A remote working arrangement can be a great way to increase your company’s perceived flexibility, and it’s particularly beneficial for parents of young children. Working from home makes it easier for employers to recruit globally, and to hire otherwise-qualified but physically disabled workers who wouldn’t be able to make it to the office. The arrangement that’s best depends on your company’s location, work type and culture; if you’re planning to allow some of your workers to operate remotely, you’ll need a sound policy. Below, you’ll learn more about remote working policies and the parts to be included.

Creating an Effective Policy

As an employer, it’s your responsibility to foster a productive environment. Making the switch to remote working can be difficult, because it requires that you give up some degree of control over that environment; after all, who’s to say that employees won’t game the system? How can you effectively supervise workers whom you don’t see each day? Before a remote working arrangement can be implemented, those questions need to be answered. The first step in implementation is to create a remote working policy, which is a set of guidelines for work-at-home employees. As you’re drafting your policy, keep the following ideas in mind.

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Telecommuting (Photo credit: jessamyn)

Will you Need Multiple Policies?

The first question you’ll need to answer is: Do you need two policies, or one umbrella policy? If at all possible, avoid having separate policies for in- and out-of-office workers. Separate policies can confuse workers and lead to unfairness and resentment. Put together a unified policy that amply covers the job’s basic requirements, but make it broad enough to allow workers to operate in the most efficient way.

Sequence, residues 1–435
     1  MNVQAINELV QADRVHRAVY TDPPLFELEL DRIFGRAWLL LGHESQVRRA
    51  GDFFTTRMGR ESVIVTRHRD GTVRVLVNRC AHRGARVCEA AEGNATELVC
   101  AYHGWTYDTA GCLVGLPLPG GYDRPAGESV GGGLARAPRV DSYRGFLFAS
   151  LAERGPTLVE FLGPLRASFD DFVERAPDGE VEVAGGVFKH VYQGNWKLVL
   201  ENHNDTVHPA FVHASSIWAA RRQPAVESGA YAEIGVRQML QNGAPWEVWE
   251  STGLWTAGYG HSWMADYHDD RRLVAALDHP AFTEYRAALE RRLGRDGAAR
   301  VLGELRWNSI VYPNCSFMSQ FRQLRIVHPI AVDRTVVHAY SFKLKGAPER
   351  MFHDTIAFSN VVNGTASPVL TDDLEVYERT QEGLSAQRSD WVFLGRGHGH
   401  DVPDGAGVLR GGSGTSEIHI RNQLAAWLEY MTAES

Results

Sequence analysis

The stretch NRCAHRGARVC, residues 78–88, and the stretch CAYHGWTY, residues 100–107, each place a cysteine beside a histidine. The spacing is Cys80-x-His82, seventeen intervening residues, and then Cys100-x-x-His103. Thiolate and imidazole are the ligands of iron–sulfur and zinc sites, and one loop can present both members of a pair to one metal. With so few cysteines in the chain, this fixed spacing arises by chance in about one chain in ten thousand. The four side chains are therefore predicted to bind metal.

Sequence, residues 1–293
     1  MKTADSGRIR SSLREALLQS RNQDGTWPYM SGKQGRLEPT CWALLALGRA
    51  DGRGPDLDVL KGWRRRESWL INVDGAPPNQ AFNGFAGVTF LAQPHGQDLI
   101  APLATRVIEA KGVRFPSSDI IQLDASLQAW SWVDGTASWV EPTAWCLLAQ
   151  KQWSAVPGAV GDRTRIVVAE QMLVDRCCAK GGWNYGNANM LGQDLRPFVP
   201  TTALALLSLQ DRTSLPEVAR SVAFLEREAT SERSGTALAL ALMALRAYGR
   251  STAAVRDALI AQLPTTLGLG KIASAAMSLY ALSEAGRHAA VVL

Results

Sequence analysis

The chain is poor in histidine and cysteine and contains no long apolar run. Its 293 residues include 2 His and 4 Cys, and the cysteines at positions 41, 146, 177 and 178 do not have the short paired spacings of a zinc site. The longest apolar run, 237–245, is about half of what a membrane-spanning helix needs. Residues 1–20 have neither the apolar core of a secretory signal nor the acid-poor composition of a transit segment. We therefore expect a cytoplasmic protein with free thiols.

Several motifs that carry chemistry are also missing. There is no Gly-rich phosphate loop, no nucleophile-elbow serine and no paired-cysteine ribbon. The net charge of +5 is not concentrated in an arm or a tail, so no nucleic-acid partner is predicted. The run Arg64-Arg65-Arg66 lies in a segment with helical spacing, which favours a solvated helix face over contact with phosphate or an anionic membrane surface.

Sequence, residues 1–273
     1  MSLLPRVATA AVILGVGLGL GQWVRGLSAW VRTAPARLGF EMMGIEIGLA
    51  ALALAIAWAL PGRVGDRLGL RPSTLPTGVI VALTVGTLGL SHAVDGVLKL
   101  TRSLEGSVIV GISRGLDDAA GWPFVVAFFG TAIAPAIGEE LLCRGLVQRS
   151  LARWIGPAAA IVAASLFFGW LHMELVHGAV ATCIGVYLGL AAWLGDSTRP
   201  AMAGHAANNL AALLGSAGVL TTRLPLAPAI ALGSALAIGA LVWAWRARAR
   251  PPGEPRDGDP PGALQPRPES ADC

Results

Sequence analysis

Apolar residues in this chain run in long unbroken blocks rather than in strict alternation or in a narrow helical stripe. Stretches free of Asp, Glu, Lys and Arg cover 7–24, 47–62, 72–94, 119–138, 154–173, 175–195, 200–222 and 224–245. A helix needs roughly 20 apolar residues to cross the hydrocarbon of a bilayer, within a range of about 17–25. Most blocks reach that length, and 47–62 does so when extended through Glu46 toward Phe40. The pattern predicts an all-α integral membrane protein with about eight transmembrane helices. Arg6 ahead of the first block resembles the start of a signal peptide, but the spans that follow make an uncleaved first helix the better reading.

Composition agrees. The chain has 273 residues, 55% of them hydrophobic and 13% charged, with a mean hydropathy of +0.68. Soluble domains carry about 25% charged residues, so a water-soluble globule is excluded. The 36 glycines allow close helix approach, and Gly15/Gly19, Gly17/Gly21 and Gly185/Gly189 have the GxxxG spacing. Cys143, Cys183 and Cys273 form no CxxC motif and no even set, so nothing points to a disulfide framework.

Outline Your Expectations to Remote Workers

To ensure that your workers remain on-task, you’ll need to set forth some expectations. Employees like working from home because it offers greater flexibility, but you’ll still need to let them know that you expect work to be completed on a certain date. Allow employees to work from home, but establish deadlines and measure output so productivity stays high.

Assign Responsibility for Expenses

When drafting a work-from-home policy, you’ll need to assign responsibility for business expenses. With remote working, the boundaries between work and home life tend to blur. Do you buy employees’ office supplies if they work from home? Do you change your mileage-tracking method if employees begin their commute from home? Your company should already have a policy for in-office workers, but you should have guidelines in place for remote workers as well.

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Barry Mulcahy Makes His Point (Photo credit: topgold)

Technology Toolset and Unified Communications

To provide your remote workers with an environment close to or equal to what they have in the office, you need to consider the technology that they will require. You should liaise with the IT department around your unified communications solution that you have in place and make sure it can be utilised from a remote position as well. If you are planning unified communications strategy and roadmap, you should make sure to consider your remote workforce as well.